As a savvy marketer I’m sure you already know that brands have been using the art of storytelling for years.
Marketing teams have become experts at using stories – and the characters within them – to build their brands and create emotional connections with their audiences.
Some famous faces
Some of the most successful character stories are in the food sector, where Ben & Jerry’s, Papa John’s Pizza and good old Colonel Sanders rely heavily on their stories to wrestle our hard earned money from us.
And the stories don’t even have to be true. For instance, do you remember Levi Roots? He’s the now millionaire food entrepreneur who secured £50k on the TV show Dragons Den. The money he secured was to build his ‘secret’ Reggae Reggae BBQ Sauce brand which, according to Roots, had been handed down to him from his Jamaican Grandmother. To add to the authenticity of his story, Roots also explained how he had been selling it at London’s Notting Hill Carnival for 15 years.
But later during a legal battle with his ex-business partner, Roots admitted his brand story was simply “a marketing ploy”. Nonetheless his ‘ploy’ worked brilliantly. In its first week on national sale, Roots shifted over 50,000 bottles. Since then Reggae Reggae Sauce has had tie-ins with brands such as JD Wetherspoon, Birds Eye, Morrisons, Domino’s Pizza and KFC to name just a few.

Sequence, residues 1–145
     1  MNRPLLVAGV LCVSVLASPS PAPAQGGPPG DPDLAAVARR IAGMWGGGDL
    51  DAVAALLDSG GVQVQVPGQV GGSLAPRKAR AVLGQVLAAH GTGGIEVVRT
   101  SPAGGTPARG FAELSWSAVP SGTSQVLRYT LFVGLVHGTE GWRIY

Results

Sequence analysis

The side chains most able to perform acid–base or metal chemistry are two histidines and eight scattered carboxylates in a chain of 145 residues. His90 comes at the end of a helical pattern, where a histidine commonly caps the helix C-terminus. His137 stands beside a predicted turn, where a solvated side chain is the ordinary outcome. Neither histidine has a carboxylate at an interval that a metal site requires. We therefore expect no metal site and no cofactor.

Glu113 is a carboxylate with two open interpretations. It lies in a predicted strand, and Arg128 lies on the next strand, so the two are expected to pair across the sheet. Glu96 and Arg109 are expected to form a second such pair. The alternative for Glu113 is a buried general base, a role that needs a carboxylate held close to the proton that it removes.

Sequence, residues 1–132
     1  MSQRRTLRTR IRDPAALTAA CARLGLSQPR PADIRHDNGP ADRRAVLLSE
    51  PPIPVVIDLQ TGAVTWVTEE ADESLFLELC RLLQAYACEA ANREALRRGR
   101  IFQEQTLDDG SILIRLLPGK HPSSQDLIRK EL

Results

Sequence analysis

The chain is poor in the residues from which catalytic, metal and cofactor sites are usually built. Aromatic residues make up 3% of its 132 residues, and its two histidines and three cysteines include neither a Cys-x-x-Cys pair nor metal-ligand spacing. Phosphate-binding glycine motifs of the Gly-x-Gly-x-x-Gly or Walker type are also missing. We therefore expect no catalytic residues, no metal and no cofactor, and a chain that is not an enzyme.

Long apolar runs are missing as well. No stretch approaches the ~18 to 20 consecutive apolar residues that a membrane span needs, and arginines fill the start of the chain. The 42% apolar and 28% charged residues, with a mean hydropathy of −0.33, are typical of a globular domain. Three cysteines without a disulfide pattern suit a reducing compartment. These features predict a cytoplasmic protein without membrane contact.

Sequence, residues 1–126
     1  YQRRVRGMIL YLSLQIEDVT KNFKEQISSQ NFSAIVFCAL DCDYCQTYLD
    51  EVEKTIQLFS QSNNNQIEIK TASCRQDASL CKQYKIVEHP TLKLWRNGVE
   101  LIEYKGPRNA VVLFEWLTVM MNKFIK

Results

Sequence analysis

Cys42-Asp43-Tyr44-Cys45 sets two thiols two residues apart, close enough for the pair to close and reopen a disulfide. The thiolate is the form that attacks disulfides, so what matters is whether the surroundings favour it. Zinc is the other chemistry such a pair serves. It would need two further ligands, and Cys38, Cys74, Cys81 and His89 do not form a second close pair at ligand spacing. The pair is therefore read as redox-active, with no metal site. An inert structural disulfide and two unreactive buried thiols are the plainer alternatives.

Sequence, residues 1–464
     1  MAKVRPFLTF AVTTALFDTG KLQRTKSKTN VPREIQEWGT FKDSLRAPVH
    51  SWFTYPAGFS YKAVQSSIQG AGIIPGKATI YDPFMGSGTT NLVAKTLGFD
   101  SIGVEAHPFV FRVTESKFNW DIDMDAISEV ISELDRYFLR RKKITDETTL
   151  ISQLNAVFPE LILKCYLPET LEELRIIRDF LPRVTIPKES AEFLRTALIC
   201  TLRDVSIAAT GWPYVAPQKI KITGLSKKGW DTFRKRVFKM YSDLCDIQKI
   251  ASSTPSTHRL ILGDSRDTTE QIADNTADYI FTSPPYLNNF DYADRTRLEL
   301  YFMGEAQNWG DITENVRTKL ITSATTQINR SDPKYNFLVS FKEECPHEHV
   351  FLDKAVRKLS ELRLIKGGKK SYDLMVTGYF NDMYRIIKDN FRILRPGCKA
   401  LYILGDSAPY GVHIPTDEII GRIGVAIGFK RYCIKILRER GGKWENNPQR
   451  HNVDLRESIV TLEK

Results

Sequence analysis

Anyway, if you like stories about interesting people that sometimes develop interest brands, have a read of this. It’s about Burt Shavitz, co-founder of Burt’s Bees, who died on July 5th, aged 80.
It is the fascinating story about how one very humble guy, with help from his girlfriend, built a business valued at almost $1 billion. And who’s face and story are at the heart of the brand.
I was walking through Bristol Temple Meads train station recently where I saw a real life example of how advertising works. I don’t mean direct response advertising.
I mean advertising that is developed to change our perception of a product. And to usually add some kind of perceived value so we pay more for it and want more of it.
But, and this is the killer, this is achieved without really changing the product itself. Or making it significantly better than its competitors either.